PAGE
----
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Older Rescue Fluff--Suddenly Seizures & Tired Parents

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Hello everyone,

This will be my first post here on the forum, 
My boyfriend and I recently rescued an 8 year old husky fluff from a shelter. We've had him a little over a month (adopted August 2nd, 2018), and he has had 12 very severe and scary seizures with us, and one episode that we think was a *very* mild seizure, where he sniffled, sneezed, went limp, and was coming in and out of consciousness. He was surrendered with absolutely no medical records, so we had *no* idea what we were getting into, or that he was so old, because the shelter thought he was no older than 6. We've since been able to get them, and there's only one brief mention of seizures when he was 4 that didn't result in any follow-up, let alone diagnosis or prescriptions. I've had dogs before, and so has my boyfriend, but have never had to contend with seizures before. We have a preferred vet, who advocated the use of CBD oil for his also very severe seperation anxiety, which has also shortened the duration of the seizures from two and a half to almost 3 minutes to less than 2 minutes (it's progress in my eyes!,) the post-ictol phase where he is deaf, blind, and very weak is much shorter, and also the amount of time it takes for him to return fully to the goofy fluffball he is has significantly improved to just a couple of hours instead of several days. The only pattern we've recognized is that they only happen late Tuesday evenings and early (2:30am) Wednesday mornings, which is the dead-center of the work week, and we both wake up before 6am for work, and he looks spacey and sleepy the hours leading up to one. When we stay up with him until he relaxes and lays down after a seizure, we don't get -any- sleep, and if we try to go to sleep anyway, he will bark non-stop unless we are sitting up and staring at him. Sometimes he has just one a week, and other times, he'll have three of them within a 15 hour time frame.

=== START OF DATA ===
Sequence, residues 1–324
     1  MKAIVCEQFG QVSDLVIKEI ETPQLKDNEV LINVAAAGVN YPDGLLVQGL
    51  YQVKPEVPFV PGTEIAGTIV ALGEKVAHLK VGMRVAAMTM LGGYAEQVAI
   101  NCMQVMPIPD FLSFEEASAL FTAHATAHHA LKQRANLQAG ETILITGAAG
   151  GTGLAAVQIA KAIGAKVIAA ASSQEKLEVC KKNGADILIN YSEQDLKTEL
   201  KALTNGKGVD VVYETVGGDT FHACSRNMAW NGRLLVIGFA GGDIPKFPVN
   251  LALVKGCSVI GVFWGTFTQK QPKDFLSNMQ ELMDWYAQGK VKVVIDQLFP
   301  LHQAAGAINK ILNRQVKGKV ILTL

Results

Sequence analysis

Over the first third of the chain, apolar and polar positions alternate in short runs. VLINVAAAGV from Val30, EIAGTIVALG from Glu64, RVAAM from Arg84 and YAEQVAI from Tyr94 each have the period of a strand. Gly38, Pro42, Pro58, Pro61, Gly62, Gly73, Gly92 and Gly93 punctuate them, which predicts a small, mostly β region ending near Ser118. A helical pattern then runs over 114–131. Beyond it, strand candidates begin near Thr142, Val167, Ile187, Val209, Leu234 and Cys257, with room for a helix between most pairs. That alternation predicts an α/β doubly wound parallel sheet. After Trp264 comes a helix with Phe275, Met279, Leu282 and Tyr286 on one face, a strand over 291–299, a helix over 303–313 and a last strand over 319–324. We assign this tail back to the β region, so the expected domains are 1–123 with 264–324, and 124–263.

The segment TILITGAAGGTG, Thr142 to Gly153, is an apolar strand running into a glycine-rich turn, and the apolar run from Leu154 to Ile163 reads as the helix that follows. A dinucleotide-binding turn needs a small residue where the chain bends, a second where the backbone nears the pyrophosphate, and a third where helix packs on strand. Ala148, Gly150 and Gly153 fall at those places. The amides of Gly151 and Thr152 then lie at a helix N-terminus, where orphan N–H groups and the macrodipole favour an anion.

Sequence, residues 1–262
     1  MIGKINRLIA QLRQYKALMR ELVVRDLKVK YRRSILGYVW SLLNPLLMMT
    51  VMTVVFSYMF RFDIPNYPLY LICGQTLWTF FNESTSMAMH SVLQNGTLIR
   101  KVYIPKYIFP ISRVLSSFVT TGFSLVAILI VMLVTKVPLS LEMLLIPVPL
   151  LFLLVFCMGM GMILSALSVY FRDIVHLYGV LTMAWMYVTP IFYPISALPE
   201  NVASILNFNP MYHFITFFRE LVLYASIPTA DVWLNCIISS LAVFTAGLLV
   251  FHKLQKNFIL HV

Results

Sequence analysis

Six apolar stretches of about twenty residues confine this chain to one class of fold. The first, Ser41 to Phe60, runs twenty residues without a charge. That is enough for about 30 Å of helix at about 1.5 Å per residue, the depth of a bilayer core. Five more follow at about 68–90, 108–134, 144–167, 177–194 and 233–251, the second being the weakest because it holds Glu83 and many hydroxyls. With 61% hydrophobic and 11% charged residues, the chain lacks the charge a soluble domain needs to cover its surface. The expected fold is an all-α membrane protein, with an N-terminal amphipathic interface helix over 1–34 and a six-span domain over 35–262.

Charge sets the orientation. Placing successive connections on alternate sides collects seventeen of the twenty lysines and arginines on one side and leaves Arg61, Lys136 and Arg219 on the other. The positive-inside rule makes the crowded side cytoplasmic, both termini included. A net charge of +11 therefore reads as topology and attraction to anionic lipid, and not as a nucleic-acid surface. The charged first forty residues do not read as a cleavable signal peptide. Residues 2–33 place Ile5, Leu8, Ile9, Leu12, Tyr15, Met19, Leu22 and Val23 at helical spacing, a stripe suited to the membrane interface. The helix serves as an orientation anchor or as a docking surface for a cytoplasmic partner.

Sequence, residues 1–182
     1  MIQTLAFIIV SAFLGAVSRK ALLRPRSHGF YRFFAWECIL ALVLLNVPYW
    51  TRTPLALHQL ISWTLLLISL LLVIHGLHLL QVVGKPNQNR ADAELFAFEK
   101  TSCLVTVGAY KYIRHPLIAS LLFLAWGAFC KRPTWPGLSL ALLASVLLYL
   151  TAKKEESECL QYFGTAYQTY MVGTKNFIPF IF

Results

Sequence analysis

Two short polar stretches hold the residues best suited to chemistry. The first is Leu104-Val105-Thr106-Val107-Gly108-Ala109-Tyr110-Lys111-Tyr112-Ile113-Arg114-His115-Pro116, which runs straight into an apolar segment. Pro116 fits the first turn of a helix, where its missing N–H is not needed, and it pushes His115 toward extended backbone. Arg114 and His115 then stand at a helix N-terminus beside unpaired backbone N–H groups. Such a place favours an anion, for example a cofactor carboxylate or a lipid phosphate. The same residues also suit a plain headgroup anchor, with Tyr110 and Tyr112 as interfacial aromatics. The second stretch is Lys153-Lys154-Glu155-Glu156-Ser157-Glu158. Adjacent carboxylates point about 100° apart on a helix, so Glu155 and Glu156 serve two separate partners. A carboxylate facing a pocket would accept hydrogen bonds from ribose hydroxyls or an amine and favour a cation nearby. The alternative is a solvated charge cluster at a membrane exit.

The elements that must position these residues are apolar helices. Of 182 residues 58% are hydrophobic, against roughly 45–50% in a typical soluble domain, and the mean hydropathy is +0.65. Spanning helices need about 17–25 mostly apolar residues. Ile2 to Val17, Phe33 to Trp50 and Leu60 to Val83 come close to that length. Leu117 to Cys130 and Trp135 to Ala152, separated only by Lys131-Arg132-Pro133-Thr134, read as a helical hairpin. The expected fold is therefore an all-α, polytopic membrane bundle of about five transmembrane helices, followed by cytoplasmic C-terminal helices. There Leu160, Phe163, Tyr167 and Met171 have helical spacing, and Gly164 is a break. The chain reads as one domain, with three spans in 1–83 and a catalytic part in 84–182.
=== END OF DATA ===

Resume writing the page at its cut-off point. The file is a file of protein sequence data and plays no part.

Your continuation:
So I have 2 questions...

One--Does anyone else have experience with a similar situation? How do you get sleep? We want to sleep. We're so tired. If the answer is as simple as "suck it up," I can deal with that too.
Two--Could the heartbreak of being abandoned by the family he's lived with for eight years be the cause of this? Since this does not appear to have been an issue when he was abandoned, could this potentially be a temporary reaction to adjusting to his new family? His sniffling reminds me of the videos you see of sad dogs missing their owners when they pass or give them to shelters. You know what videos I'm talking about. 

If there's any information I'm missing that's vital, let me know. I'm just looking for opinions and input, not necessarily veterinary advice :)

 

Thanks for reading!

Thibideau the Husky, Sam (mom) and Derick (dad)

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Has he been tested for anything like epilepsy etc? 8 years old really isn't that old for a dog mine are nearly 9 and nearly 10 and still act and look like puppies so it doesn't seem like it would be an age issue , there's something underlying that needs to be found out imo

Sent from my [device_name] using http://Husky Owners mobile app

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BingBlaze n Skyla: